"Energy is conserved" is a "lie to children". What I mean is that it is a statement that is close to true that we are told to keep things simply. Like all lies to children it is not complete. The full statement is "Energy is conserved in flat, unchanging spacetime". From a mathematical point of view, energy is conserved only in systems with time-translational invariance. This just means that if the structure of your universe (as opposed to the things in it) doesn't change in time then the total energy won't either.
Unfortunately, our universe does change in time. When you have changing space metric it is very difficult to even talk about "Total Energy". The normal approach is to have some measurement of energy density at each point and then integrate over the volume to get the total. So you have a box with stuff in it and you can add it up to get a total.
What happens when the box changes?
Well the most obvious contribution to energy is the easiest; mass. If we have our box with some mass in it, when we double the size of the box then the mass density halves but the total mass stays the same. So mass is conserved.
The next most obvious form of energy is light. Light is our first problem, if we have a box with photons in it then we increase the size of the box the photons become stretched out, redshifted. Their energy decreases. So the total energy afterwards is lower. This is particularly fascinating to me, in the early time after the big bang, the universe was massively radiation dominated and was also expanding far FAR FAR faster than it does now. This means that the total energy of the universe was decreasing rapidly during this time. Would have reduced by many many many orders of magnitude.
Gravitational potential energy is even more tricky. If we have two stars in our box and we increase the distance between them by stretching the box then they are further apart but have retained their kinetic energy. So we have more energy this time. (This one is more tricky as the expansion of space itself is affected by gravity).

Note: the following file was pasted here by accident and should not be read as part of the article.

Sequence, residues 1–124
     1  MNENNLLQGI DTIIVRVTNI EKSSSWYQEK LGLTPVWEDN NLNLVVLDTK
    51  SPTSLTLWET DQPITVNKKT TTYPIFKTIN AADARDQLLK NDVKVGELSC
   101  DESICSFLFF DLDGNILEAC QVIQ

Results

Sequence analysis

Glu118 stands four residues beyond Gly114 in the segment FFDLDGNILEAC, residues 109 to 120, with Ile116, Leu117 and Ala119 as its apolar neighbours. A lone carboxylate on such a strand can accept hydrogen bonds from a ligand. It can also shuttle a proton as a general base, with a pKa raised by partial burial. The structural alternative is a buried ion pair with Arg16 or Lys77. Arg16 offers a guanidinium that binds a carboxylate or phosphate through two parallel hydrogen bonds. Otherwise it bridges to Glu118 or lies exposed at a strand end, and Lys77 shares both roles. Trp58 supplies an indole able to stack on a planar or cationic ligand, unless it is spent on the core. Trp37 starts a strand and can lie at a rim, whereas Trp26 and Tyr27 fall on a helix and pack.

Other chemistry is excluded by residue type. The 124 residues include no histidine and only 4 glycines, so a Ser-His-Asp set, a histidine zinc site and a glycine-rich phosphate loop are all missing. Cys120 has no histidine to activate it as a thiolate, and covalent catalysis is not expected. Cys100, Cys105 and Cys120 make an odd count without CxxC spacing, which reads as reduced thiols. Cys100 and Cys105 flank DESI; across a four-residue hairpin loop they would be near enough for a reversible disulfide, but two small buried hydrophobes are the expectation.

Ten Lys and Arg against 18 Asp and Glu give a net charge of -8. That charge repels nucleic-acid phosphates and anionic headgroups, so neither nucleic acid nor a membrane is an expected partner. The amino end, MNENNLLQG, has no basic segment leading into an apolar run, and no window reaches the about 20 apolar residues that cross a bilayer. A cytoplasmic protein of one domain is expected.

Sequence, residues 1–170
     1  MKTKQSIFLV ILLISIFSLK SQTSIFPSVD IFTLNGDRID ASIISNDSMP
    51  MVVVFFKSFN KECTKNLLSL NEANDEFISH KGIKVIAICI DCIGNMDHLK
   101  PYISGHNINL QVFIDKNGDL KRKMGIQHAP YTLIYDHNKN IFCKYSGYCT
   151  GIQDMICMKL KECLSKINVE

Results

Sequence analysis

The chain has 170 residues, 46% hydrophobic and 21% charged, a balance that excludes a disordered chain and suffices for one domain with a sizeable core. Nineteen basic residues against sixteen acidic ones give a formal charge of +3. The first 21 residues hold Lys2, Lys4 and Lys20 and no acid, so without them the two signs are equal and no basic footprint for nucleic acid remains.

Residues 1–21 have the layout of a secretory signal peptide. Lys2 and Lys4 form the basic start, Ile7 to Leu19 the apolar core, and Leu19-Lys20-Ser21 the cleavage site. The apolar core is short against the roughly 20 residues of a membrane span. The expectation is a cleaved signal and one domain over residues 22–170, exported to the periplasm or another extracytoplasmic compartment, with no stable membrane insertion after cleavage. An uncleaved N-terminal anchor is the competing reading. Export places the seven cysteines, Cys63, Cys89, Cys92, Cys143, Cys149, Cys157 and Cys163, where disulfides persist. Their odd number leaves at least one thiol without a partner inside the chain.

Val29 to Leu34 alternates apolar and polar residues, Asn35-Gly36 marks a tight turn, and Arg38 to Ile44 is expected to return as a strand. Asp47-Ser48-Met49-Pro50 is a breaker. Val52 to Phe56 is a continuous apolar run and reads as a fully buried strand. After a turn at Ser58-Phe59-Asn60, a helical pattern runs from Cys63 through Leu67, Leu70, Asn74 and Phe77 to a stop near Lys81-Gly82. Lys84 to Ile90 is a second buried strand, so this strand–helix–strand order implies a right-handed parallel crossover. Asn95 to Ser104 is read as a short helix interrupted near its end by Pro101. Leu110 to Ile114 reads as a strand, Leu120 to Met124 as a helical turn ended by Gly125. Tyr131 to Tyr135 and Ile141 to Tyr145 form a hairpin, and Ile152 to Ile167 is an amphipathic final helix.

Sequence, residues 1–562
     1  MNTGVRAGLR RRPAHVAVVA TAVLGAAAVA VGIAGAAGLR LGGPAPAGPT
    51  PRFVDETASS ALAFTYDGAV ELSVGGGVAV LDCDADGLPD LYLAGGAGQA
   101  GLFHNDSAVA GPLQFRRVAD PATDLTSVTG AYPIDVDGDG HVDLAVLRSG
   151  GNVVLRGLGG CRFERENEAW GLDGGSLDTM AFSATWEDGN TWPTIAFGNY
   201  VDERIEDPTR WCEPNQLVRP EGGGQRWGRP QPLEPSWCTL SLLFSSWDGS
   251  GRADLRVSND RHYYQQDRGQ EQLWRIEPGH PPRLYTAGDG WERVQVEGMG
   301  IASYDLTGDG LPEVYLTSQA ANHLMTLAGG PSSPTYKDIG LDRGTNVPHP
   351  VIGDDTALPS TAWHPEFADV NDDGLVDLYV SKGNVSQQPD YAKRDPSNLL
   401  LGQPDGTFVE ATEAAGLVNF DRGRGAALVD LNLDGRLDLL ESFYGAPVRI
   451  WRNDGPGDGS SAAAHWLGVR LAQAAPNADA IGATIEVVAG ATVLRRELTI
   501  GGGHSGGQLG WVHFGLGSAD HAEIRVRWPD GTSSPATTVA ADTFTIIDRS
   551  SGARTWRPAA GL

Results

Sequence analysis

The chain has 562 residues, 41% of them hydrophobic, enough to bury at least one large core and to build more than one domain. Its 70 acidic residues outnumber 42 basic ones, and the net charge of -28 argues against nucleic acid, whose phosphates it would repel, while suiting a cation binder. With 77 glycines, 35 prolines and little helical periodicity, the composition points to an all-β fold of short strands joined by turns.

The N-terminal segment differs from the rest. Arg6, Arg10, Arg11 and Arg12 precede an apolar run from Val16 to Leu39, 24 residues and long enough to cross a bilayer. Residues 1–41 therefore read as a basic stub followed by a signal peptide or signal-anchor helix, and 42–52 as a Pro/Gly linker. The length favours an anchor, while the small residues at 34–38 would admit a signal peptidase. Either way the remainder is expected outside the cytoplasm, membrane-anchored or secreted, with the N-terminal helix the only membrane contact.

All of this is just with an expanding universe! Accelerating expansion is even worse. /u/pundaren already mentions Vacuum energy. What we think Dark energy is is a constant negative pressure in all space. What is important about it is that it doesn't get diluted meaning it's density is constant. This means when we double the volume of our box and keep the density constant we get double the amount (of negative pressure).
Since our universe is currently dominated by dark energy this term also dominates, that means that over time the total energy in our universe is increasing.
So we have various forms of energy and all of their densities respond differently when we expand our universe, some of these change the integrated energy. This isn't a problem because we know that Energy is only conserved when a system is invariant with a translation in time and our universe is not, so we don't need to be surprised when our law doesn't hold for an evolving universe.Source